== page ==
The end product is a sliceable loaf of bread, that tastes pretty darn good. I will use this mix again, but if I am still at high altitude I will use three pans instead of two.

good bread after all

I have used Pamela’s Gluten Free Bread Mix before for making bread, in loaves. It tastes good and is an unusually soft bread to be gluten free. But today, I was missing bagels, so I thought I would give the recipe on the side of the bag a try.

I have never made bagels before, but I love to eat them. Since I live in an RV fulltime, with a tiny oven that has a less than accurate thermostat, and because I live at almost 9,000 feet elevation, I knew it would be a challenge.

To make bagels with this mix, add the contents of the bag, 1 1/3 cup water, and 1/4 cup oil to a bowl. Mix at high speed for three minutes.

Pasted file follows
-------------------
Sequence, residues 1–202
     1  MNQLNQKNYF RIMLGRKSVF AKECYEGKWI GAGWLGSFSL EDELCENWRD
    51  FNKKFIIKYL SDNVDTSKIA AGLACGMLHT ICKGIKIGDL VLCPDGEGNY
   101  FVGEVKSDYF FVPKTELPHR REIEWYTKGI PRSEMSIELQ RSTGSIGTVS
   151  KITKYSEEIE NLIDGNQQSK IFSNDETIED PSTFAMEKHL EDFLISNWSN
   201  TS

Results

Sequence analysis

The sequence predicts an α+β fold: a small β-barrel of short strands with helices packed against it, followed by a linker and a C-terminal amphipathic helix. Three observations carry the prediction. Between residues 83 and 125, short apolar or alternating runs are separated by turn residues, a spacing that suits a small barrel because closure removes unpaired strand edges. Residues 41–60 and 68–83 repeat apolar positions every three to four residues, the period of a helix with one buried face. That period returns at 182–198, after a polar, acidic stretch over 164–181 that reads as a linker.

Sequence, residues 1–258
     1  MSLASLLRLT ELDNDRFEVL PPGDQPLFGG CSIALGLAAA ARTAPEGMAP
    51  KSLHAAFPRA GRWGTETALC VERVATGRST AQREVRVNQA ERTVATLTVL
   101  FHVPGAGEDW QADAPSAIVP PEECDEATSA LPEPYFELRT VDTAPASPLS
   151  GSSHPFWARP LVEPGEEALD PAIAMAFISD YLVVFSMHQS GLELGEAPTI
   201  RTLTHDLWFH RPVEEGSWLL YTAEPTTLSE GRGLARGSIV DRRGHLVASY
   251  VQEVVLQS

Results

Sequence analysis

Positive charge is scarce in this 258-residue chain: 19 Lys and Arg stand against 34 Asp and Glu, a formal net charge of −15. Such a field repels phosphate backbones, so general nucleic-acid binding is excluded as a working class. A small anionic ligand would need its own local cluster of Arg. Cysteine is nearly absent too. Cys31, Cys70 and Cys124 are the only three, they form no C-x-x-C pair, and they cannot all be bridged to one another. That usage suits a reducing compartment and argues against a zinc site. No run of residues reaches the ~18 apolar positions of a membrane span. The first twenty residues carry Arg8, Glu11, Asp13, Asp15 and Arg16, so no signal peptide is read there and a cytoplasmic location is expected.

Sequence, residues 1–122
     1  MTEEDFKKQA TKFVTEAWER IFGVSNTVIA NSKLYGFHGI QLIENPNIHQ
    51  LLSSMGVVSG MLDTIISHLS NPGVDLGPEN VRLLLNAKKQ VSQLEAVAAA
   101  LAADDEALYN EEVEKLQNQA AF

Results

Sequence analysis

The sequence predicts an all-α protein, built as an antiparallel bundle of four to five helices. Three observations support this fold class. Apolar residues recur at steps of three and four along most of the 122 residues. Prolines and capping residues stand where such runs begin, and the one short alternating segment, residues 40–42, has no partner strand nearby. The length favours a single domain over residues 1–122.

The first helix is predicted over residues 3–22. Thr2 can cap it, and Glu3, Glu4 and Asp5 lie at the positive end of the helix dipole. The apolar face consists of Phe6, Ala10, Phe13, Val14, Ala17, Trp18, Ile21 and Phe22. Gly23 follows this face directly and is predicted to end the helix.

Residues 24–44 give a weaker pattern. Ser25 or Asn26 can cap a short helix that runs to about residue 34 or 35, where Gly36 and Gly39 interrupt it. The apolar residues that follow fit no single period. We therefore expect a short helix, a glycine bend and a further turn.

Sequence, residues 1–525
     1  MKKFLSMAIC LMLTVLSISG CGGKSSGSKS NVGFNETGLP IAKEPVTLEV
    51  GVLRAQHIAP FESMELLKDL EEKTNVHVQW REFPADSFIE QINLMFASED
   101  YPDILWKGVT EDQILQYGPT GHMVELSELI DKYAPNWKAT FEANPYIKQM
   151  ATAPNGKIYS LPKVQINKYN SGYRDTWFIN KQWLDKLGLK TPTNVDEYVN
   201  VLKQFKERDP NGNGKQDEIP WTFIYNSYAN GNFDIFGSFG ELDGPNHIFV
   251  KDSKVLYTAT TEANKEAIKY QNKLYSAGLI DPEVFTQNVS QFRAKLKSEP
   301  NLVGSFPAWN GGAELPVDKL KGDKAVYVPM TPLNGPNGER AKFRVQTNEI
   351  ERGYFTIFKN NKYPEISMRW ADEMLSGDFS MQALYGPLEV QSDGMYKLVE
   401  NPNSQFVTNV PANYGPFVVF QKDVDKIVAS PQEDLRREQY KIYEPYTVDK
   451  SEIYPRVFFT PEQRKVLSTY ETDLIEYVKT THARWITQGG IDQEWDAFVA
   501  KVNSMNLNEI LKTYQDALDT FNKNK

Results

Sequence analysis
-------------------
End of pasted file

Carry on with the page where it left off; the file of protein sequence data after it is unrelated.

Drop 1/2 cup portions of the dough onto a greased baking pan. I always line my pan with aluminum foil to make clean up easier.

With greased hands, form each dough portion into a rounded, flat shape. Then let the dough rest for one hour.

At the end of the hour, drop each dough shape into boiling water, and let it boil for 25 seconds. Remove from water with a slotted spoon, and place back on the greased pan.

The package says to bake in a 400 degree oven for 20-25 minutes. I had to bake mine for 32 minutes. I turned them over halfway through that time, so they wouldn’t burn as much. (It’s my oven, not the mix, at fault here.)

The finished product was crispy on the outside, and soft and chewy, with a good yeasty flavor, on the inside. I ate one hot from the oven, and decided they would be best toasted first.

These bagels are pretty good for my first attempt at making bagels. I like that the process was easy, and the finished product tasted pretty good. I’ll be making some more of these as soon as I get another bag of the mix.